Just as ThatJohn's flight was called there was an announcement of delays due to Air NZ computer system going down. Oh dear, I've been here before (in October 2009 Air NZ's computers went down for several hours and yes I was flying that day too) and like that time I'm again flying sans boarding pass relying on the RFID chip.
Fortunately I have an overnight transit so I have plenty of time in case I get bumped from my flight due to missing a boarding pass. Still, I have another drink while I mull over ways to deal with any issues that may arise. Unlike the previous time, the computers came back up relatively quickly and we have just a 20 minute delay.
The flight was full - lots of kids and single parents with kids flying to their other family. The person beside me was sneezing away, which at the time I noted and didn't think much more of.
There was no special treatment for being Christmas Day - the usual choice of kasava crisps, fruit jelly pieces and a biscount; plus tea, coffee or water for drink. I was tired after a very hectic week and snoozed. When I awoke as we were descending I saw it was a bit gloomy in Auckland but dry and warm.
As we landed and taxiied to our gate I looked around for ZK-OKM, Air NZ's brand new 77W which had just been delivered the day before. It might have been sitting by one of the hangars (looked like a 777), but I was too far away to confirm it.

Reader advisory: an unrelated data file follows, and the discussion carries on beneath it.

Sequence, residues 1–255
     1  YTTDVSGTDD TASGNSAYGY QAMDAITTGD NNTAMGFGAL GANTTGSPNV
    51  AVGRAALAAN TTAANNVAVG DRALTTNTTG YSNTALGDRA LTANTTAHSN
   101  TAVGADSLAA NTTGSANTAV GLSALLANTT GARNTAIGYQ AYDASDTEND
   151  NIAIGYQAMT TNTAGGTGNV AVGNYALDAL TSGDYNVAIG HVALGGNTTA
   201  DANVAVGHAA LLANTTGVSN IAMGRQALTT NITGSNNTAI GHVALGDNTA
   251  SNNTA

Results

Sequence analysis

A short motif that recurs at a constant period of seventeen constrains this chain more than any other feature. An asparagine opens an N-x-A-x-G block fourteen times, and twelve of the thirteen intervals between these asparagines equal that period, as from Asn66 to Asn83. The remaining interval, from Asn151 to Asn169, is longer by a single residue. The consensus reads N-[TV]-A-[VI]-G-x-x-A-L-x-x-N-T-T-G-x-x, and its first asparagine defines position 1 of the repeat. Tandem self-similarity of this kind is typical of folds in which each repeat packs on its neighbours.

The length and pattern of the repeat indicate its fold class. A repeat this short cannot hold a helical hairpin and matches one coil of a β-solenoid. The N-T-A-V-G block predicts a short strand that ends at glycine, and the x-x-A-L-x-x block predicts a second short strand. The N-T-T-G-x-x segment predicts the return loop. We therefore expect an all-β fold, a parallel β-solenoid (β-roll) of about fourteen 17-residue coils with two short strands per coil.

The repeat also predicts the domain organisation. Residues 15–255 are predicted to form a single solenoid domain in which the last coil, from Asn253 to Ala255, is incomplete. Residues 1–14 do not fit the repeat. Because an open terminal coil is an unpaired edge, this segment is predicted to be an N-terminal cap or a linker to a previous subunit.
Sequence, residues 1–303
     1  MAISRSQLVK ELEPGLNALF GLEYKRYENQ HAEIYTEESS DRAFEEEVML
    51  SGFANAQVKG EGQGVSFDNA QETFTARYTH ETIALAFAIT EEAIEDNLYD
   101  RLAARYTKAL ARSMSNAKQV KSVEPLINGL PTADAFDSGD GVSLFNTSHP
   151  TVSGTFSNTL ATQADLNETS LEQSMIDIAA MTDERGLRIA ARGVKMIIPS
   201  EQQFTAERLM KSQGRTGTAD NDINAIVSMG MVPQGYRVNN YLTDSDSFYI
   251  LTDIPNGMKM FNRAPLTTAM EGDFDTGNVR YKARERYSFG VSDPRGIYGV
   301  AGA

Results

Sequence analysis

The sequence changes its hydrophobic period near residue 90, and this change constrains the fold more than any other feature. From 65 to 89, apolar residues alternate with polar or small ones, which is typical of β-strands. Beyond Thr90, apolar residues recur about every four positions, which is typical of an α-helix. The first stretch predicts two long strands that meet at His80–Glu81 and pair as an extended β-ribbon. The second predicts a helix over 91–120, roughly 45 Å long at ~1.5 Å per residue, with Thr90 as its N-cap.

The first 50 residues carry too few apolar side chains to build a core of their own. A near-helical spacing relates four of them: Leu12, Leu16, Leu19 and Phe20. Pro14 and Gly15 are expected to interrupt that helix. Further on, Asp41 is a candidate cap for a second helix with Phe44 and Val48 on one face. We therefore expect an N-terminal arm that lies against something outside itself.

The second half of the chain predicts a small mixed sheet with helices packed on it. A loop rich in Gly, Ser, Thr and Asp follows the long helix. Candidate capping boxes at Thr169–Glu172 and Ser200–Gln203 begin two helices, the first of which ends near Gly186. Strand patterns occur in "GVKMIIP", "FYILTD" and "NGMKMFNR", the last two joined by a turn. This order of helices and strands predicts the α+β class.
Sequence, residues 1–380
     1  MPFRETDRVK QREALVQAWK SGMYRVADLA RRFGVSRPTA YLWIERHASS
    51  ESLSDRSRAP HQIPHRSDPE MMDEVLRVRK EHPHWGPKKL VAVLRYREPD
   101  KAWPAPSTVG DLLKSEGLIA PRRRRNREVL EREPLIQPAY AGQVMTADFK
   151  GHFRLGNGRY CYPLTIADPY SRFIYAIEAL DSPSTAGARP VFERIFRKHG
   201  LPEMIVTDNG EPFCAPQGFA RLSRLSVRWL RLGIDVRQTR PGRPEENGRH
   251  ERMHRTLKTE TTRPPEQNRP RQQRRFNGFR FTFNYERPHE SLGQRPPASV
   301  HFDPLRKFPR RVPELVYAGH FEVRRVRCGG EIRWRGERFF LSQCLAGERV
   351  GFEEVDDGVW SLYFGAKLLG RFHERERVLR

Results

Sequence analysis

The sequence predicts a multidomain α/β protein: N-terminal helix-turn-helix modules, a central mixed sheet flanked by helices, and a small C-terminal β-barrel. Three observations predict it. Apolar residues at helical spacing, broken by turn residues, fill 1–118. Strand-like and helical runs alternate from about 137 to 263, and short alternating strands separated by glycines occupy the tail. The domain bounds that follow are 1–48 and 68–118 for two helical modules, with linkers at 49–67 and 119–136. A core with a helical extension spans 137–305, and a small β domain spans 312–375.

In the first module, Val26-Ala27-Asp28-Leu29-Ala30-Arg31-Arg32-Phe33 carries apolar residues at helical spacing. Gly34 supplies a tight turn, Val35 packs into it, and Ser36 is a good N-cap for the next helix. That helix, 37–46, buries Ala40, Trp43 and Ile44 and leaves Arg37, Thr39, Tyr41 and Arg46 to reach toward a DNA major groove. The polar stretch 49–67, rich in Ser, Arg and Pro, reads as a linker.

While preparing to disembark a passenger seated a couple of rows from me very nearly caused serious injury to a little kid when her small carry on smashed into the kids head when the overhead bin was opened. Ouch.
I quickly raced to the bus stop and just managed to catch a bus headed for town.
With little traffic the ride in was the fastest I can remember (on a bus) - about 25 minutes.
I checked into the Crowne Plaza where I was staying on a Points Break award. The check in agent made a comment about the cheap rate I was getting and handed me the usual letter from GM to elites, plus my keycards. No surprise, I got my usual room on the floor below club floor, with a nice view. A gingerbread man, some chocolates and a welcome card were on the bed, but not the usual complimentary water bottle.
Next morning after an early wake up (but not so early as for my usual flight) and oh too little sleep I grabbed the newspaper (delivered nice and early to cater for guests checking out for the early morning departures), checked out and made my way to the airport on ths bus.
AUCKLAND to SYDNEY (AKL-SYD) on Qantas 737-800 in business class
A fast run in by the bus was undone at the stop at domestic as several passengers debated with the driver as to whether they were at the right place. We weren't - they were all flying internationally, but it took some convincing. Over at international a short walk to the Qantas/Cathay Pacific premium check in lobby.